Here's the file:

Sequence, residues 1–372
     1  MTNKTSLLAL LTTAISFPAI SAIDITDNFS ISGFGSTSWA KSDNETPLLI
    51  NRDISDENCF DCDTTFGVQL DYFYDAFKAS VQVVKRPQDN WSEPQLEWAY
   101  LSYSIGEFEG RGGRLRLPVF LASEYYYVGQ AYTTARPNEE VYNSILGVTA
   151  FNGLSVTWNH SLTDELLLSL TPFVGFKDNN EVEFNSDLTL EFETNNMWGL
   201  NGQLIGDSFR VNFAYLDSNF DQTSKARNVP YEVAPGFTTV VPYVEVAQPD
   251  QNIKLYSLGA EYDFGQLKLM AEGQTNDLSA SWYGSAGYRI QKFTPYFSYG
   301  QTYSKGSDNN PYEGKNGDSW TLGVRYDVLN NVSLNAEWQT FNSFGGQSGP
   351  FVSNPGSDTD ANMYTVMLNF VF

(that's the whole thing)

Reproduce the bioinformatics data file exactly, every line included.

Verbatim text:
Sequence, residues 1–372
     1  MTNKTSLLAL LTTAISFPAI SAIDITDNFS ISGFGSTSWA KSDNETPLLI
    51  NRDISDENCF DCDTTFGVQL DYFYDAFKAS VQVVKRPQDN WSEPQLEWAY
   101  LSYSIGEFEG RGGRLRLPVF LASEYYYVGQ AYTTARPNEE VYNSILGVTA
   151  FNGLSVTWNH SLTDELLLSL TPFVGFKDNN EVEFNSDLTL EFETNNMWGL
   201  NGQLIGDSFR VNFAYLDSNF DQTSKARNVP YEVAPGFTTV VPYVEVAQPD
   251  QNIKLYSLGA EYDFGQLKLM AEGQTNDLSA SWYGSAGYRI QKFTPYFSYG
   301  QTYSKGSDNN PYEGKNGDSW TLGVRYDVLN NVSLNAEWQT FNSFGGQSGP
   351  FVSNPGSDTD ANMYTVMLNF VF